"oh yeah, yeah," said Dave. "this would be a hundred years or so ago, but people did."
"My grandfather did," said Bob. "I'm in my sixties now, but I remember my grandfather shooting them with an air gun and bringing them in for his lunch. with roast potatoes."
One never really knows if the old guys are having you on. Not until much later in an evening will they confess to an exageration. But both Dave and Bob seemed pretty clear: people did eat blackbirds, but they haven't.
Pheasants, on the other hand, act like they were created to be killed. It's an old standard in the country, the pheasant on the side of the road waiting for you to drive by so it can run under your wheels. I have proved time and time again that my brakes are in good order. It's pheasant shooting season nowadays, and yes, when strolling the fields one hears the rifles blasting away ever hour or so. Last fall a large golden plumed pheasant hid in our greenhouse but seemed to be a little lost in there. took a few days before it left via the wide open door right in front of it.
The pigeons in the country are much different from those in the city, especially the 'sky rats' of london. Fat. Big. Healthy. and growing in population. They skulk in trees and then whoosh down to fields and gardens to engulf crumbs.
Rooks seem a bit stringish, too tough to eat, so i didn't ask about them, but Dave mentioned that he'd seen a walnut right at his front gate, and figured a rook must have dropped it. Seems they love walnuts and apply the same sort of methods as thrush do with snails in getting at the sweet nutmeat inside: fly up, and drop them against a rock. A parliament of rooks could just be one telling the others a new particular way of smashing a walnut open on a rock in a field.
A diversion into Dave drinking rather a lot last week (he usually has a few halfpints and heads off at 11pm) and that he felt pretty good the next day caused the two of them to move onto all the pills and water tablets they are taking, and the difficulty or not difficulty of having a good pee. This got a bit repetitive until I remembered I was supposed to pick up some medicine at the health center the next day. Mentioning this, the bartender said the center was open, but the dispensary wasn't except in emergencies. Turned out the next day this wasn't true, but I did spend a few minutes wondering. Tricky thing that: one should believe what a bartender tells you, but I've been discovering that this is only true if the bartender has been tending the same bar for decades. By then they will append possibly untrue info with "I've heard from so and so..." while true info will be given with a shrug and a 'Take this or leave it" tone with the advice. The present landlord is almost but not quite at this point.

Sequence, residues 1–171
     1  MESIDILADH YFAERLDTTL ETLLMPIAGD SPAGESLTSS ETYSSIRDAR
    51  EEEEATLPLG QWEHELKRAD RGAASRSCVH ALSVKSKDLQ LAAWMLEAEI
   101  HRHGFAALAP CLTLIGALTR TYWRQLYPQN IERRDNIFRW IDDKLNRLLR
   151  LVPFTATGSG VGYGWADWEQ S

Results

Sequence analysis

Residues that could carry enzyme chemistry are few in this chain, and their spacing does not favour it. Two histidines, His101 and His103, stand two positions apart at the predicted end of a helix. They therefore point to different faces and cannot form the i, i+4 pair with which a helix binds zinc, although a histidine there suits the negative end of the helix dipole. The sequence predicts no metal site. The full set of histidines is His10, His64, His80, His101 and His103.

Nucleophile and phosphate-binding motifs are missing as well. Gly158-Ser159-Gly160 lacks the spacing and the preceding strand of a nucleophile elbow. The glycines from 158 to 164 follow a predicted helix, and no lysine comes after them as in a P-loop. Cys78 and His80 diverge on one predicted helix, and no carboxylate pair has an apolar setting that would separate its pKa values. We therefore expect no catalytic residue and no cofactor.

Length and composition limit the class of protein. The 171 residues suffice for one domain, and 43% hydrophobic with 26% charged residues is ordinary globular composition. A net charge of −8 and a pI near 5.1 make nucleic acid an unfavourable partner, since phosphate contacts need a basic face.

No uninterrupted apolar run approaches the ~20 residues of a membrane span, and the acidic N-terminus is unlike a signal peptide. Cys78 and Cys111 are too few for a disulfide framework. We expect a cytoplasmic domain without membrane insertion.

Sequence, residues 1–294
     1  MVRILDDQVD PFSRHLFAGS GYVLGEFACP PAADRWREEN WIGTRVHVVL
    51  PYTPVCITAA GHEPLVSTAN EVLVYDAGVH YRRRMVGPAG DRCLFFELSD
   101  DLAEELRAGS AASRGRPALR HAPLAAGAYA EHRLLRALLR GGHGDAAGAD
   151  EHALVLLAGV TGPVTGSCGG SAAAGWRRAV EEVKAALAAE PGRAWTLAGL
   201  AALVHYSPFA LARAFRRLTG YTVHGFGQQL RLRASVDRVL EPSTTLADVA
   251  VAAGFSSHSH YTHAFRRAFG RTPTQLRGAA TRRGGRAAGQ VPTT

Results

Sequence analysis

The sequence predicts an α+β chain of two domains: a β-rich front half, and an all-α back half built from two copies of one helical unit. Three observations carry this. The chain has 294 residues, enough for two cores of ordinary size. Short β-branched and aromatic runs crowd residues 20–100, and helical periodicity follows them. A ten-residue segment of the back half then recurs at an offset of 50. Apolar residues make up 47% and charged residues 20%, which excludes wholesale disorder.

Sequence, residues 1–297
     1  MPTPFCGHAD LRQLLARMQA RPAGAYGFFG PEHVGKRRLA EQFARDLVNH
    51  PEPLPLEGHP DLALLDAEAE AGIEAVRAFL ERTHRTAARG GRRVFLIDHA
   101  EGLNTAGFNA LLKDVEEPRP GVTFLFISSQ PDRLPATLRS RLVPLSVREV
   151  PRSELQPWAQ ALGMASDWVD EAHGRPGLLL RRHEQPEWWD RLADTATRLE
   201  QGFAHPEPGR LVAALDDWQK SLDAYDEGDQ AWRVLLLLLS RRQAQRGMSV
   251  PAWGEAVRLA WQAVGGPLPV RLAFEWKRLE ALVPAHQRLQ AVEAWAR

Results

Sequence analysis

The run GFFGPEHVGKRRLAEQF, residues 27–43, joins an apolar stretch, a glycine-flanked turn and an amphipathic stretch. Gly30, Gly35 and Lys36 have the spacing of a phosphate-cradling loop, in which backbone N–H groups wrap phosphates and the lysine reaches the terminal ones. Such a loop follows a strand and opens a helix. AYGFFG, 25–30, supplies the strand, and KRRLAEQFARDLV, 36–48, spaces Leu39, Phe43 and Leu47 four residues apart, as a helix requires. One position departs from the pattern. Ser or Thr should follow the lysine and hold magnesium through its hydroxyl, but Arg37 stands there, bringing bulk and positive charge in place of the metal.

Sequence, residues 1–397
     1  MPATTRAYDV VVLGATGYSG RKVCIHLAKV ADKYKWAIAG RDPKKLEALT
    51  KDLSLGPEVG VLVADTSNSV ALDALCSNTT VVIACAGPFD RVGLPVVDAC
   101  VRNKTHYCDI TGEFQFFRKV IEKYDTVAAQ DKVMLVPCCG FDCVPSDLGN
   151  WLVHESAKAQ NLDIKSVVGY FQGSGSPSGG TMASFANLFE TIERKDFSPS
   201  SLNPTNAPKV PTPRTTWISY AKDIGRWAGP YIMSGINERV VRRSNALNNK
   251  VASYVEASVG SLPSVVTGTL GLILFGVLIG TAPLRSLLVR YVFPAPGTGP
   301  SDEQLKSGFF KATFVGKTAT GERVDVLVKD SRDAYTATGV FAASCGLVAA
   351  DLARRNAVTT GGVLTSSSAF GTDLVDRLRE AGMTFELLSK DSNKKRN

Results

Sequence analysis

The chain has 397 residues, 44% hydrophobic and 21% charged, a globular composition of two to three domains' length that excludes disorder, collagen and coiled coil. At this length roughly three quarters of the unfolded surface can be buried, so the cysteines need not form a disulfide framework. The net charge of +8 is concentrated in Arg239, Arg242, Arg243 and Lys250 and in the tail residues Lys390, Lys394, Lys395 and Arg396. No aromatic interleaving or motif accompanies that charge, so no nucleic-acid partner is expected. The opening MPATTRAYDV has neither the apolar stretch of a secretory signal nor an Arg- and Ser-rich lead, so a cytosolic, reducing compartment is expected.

Dave finally left, heading home at 11pm, and would be up as ever at 7 am. Bob switched from his pints of bitter to his first of many nightcaps, gin and tonic, trading off buying them with the bartender, with which he got into a discussion of domino scoring that has always boggled me.
Bob sometimes has whisky as a nightcap, it just depends how he feels. It still astounds me the amount people drink in this country. Gallons in a night. And yes, often they go crosseyed, or at least slightly weave, but most of the time, they are exactly the same. Me, a couple of pints and -woof- i'm drunk. Bob here not only drinks at the pub, but if the other pub was still open, he'd be there after closing time. And, during the day, i discover, it seems he visits old housebound friends, and --can't deny a host-- has a few drinks, gin, whisky, vodka, with them. talking over old times, old long gone friends, and making time go by. making time go by.
Friday at the Pub 7
or Fish and Chunder
'I've heard about you.'
These are the words you dread in a small village, even if you are well aware what they've heard. The problem is How Much they heard, and the opinion they formed about it, and if your own clarifications and corrections will sway them over to your side.
In this case it would be about just how green I was on a fishing trip last week.
Several weeks ago, a few of the men in the pub started congregating together and murmering things about bait and tide and money. Planning a fishing trip off the coast near Southwold. When hearing about it, I mentioned how I'd like to, but funds being what they are, count me in for the next one.
Well, hurricanes cancelled the first one, and it was rescheduled, knocking a couple of people out, so one friday down at the pub I was asked if I would like to go. A brief conference with heyoka about price and I agreed.
The last and only time I went deep sea fishing I was, like fifteeen, off the pacific northwest coast, Oregon, going after bass. Of the six of us, I caught the only fish. Also puked over the side once.
The last time I was in the sea was a kayak trip up above monterey bay a decade ago, among the migrating humpback whales. choppy waters, but the exertions of paddling, and the gaping at the magesty of these huge shapes moving up and rolling around us, able to crush us with a single thwap of a flipper, but looking so calm that there was no fear, only awe.
Last Tuesday, I glugged down coffee and met up outside the newsagent to ride out to the coast, listening to the Pogues on the car cassette player. The big news was some young man a couple of dozen miles north had won the recent ten million pound lottery, and, still tagged on prison release for drunk and disorderly, scratchd his head on the news and reckoned he might by a nice house with a lake or something, but nope, didn't really reckon his life would change.